sleepy wrote:I believed GEP can be trained too...Having say that, I don't agree with the method of drilling the child with GEP questions. The child may pass the screening but end up struggling. Even more demoralising if he or she is 'banish' back to mainstream

However, to be fairer, I believe all students should be offered a sample set of questions to minimise the 'shock' when they see the style of GEP questions


You mean train for the exam. :) But as you rightly pointed out, the child may still end up struggling afterwards and end up more demoralised.

As for offering a sample set of the question - I think it's more relevant if NO ONE sees the questions rather than everyone prep for it.
cnimed
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Postby cnimed » Sun Nov 23, 2008 7:32 am

tamarind wrote:I feel that the GEP seems to focus on advanced maths, english, chinese, computer. But there are so many other areas that the children can explore.

I am not impressed by what GEP offer in computer enrichment. There is so much more that the child can learn.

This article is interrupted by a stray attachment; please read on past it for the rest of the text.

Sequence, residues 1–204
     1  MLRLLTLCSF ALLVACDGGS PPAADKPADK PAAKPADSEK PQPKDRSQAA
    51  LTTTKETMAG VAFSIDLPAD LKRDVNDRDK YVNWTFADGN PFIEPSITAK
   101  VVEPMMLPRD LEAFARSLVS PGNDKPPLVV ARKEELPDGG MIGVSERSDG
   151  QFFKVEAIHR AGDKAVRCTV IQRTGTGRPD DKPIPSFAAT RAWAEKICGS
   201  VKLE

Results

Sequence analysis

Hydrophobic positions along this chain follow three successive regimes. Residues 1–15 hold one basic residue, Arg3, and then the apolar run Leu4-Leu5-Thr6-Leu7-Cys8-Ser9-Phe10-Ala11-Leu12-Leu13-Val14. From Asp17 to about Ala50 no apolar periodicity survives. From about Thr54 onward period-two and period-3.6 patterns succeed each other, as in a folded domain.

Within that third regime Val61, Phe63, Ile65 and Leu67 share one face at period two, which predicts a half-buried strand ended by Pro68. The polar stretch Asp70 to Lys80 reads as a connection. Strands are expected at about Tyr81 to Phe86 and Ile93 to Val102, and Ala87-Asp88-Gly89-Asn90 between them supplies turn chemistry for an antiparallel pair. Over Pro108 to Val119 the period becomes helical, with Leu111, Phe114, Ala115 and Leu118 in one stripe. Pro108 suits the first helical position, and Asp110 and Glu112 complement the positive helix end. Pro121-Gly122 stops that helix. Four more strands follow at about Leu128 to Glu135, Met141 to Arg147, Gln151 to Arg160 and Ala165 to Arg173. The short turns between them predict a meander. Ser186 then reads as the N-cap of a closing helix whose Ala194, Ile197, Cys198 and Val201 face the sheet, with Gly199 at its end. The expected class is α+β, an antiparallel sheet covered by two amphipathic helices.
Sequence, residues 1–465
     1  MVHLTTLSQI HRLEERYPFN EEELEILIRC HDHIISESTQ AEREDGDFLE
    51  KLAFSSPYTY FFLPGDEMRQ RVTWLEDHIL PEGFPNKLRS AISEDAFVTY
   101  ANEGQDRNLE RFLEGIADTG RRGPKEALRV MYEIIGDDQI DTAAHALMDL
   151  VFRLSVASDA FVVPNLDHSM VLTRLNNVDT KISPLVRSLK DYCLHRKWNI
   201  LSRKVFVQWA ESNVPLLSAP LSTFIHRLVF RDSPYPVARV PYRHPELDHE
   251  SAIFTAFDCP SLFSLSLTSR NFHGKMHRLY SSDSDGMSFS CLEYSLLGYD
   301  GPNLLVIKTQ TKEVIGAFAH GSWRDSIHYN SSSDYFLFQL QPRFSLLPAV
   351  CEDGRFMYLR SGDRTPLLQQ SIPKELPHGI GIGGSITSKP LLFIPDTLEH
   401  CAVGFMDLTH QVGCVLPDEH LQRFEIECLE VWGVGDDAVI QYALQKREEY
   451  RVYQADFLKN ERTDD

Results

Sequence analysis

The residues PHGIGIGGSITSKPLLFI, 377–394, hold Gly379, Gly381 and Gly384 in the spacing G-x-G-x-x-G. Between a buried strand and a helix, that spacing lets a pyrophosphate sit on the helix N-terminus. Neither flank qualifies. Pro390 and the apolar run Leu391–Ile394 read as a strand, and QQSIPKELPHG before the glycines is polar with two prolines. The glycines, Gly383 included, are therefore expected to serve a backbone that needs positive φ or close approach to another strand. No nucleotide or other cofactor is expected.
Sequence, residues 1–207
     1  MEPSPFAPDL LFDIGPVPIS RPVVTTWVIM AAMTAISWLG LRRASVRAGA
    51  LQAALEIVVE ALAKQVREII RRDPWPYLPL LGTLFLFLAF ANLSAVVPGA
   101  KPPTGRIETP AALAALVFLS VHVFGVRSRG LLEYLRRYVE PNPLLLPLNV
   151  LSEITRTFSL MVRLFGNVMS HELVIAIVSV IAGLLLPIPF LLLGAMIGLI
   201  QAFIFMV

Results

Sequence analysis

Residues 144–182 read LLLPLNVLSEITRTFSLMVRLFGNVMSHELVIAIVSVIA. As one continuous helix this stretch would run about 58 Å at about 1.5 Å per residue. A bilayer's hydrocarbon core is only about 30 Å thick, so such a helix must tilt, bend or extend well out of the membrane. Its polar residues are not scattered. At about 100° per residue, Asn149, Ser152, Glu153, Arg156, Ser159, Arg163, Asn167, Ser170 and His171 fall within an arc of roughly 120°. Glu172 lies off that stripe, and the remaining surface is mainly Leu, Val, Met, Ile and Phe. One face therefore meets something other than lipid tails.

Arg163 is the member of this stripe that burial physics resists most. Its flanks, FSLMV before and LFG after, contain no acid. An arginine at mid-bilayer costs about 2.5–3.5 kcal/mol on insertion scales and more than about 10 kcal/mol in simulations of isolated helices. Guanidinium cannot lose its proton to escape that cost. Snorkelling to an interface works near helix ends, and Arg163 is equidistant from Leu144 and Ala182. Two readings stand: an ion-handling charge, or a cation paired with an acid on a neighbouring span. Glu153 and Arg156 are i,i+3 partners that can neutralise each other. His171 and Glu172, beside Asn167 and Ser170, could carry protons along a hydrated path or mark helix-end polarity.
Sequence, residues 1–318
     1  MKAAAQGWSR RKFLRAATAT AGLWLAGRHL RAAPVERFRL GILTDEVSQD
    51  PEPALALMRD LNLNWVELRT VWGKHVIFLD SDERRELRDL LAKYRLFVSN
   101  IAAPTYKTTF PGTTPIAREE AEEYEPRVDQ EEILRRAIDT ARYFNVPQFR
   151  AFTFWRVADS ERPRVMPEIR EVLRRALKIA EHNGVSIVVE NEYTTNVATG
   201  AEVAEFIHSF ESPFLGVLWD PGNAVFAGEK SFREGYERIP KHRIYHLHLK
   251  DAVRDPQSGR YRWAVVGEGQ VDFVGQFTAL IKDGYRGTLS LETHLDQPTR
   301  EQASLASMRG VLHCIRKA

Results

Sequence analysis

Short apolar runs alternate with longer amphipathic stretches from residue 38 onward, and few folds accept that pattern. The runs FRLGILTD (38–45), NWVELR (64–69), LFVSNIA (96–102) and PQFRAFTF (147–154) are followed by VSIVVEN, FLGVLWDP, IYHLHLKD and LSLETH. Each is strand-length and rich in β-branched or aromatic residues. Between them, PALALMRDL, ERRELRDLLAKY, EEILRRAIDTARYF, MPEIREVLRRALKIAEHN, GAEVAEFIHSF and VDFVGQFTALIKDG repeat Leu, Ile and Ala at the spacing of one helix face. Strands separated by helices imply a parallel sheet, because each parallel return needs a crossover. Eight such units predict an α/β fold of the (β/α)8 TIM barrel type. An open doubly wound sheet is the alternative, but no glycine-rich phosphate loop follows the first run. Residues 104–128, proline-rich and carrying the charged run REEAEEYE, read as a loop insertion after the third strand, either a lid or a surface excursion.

Yes Singapore GEP focuses much more on academic ability, and doesn't cater for underperforming gifted children. At the same time, to be fair, as to the child being able to learn much more, it all depends on the home environment and what we're comparing with. For some children whose parents don't have the time, money or cultural capital, GEP can be a very valuable gateway to higher learning. Obviously a child will be able to learn much more from a family member with specialised knowledge/skills than in school, GEP or not.

tamarind wrote:The purpose of this thread is about identifying children who are gifted...Like wwcookie wrote :
the recognition that these kids learn differently and therefore should be taught differently...I agree with this statement. I think that we should start teaching these kids differently long before they enter primary school.[/color]


I understand where you are coming from. I didn't see a lot on identification after a quick scan, and personally, I don't think one should try to at this age. It's more a matter of following a child's interests and providing the child with new experiences and materials for exploration, gifted or not.